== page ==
i agree. every worthy stringer should do this exercise to determine the optimal tensioning pattern for their machine and technique. and never to settle, keep experimenting even if you think "the best" has been reached. i believe the range of the optimal setting is rather narrow.

  16. #67
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    Quote Originally Posted by kwun View Post
    i am glad we come to the very similar conclusion given our machines are practically siblings.



    i agree. every worthy stringer should do this exercise to determine the optimal tensioning pattern for their machine and technique. and never to settle, keep experimenting even if you think "the best" has been reached. i believe the range of the optimal setting is rather narrow.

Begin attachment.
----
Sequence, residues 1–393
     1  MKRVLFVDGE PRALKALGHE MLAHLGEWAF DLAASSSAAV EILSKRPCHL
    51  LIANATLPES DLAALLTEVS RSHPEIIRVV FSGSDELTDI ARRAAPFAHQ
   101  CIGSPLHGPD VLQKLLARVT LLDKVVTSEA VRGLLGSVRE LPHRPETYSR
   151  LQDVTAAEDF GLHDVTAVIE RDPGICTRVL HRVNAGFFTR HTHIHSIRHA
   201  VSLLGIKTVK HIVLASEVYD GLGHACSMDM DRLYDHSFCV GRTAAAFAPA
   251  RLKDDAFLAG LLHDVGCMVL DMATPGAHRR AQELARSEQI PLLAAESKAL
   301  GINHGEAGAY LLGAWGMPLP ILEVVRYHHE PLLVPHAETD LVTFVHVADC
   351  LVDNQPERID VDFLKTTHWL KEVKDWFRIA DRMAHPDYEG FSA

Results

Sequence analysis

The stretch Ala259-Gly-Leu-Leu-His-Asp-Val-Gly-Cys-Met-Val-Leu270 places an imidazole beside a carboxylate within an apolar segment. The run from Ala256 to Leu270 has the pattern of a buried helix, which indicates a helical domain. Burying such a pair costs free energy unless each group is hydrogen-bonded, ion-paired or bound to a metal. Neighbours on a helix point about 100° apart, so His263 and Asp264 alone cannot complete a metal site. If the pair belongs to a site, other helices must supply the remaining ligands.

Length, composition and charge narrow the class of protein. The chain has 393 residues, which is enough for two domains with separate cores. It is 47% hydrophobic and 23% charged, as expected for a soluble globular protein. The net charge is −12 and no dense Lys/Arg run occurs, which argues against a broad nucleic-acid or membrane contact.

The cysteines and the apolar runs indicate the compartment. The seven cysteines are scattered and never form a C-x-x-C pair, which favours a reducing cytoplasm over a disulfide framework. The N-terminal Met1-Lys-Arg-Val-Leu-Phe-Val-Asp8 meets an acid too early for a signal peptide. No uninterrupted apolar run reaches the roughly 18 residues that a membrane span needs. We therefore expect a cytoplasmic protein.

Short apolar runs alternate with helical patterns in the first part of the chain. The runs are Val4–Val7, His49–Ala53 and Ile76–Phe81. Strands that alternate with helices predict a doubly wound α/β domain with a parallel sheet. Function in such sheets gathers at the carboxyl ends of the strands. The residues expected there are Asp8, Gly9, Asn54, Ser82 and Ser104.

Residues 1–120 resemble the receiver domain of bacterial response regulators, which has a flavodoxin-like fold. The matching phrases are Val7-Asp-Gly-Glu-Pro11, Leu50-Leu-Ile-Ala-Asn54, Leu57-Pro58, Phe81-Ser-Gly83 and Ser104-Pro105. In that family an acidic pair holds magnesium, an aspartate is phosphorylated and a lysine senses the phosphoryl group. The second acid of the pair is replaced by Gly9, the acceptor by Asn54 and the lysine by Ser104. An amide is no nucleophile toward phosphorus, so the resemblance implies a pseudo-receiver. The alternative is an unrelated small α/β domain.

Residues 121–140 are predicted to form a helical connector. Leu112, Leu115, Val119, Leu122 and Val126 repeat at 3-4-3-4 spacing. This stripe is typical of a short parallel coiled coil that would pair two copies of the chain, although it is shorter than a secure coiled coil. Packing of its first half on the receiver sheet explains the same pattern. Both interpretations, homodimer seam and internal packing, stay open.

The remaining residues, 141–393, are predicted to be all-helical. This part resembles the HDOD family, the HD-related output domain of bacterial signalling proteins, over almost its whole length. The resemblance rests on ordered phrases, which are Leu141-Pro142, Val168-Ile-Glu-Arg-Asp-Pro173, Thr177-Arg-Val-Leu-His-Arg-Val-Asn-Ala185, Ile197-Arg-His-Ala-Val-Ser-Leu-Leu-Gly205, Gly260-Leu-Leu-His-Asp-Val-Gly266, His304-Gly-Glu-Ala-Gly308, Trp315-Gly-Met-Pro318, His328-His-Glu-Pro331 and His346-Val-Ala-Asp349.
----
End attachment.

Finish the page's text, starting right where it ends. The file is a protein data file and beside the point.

In the short period that I've been stringing (25 rackets), I've experimented between equal tension between main and cross, +5% on cross, +10% on cross, and proportional. Tomorrow I will finally get to play with proportional. But as DarthHowie said, there are so many variables that for me, the typical +10% has worked best in terms of feel and shape; I recently noticed that with +5% only, the bottom of the racket is just ever so slightly wider than usual, so another option has opened up for me in which I do +10% on bottom 11 crosses then +5% throughout (I string rackets 22mains x 22crosses instead of 22x21).
    Last edited by phaaam; 03-30-2013 at 04:26 AM.

  17. #68
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    oooh how fun. I work with a Klippermate and do approx 15 rackets per month over the last year. I think I'll start experimenting with this and logging my findings.
    Let me know if anyone has experiment set up suggestions.
    Cheers all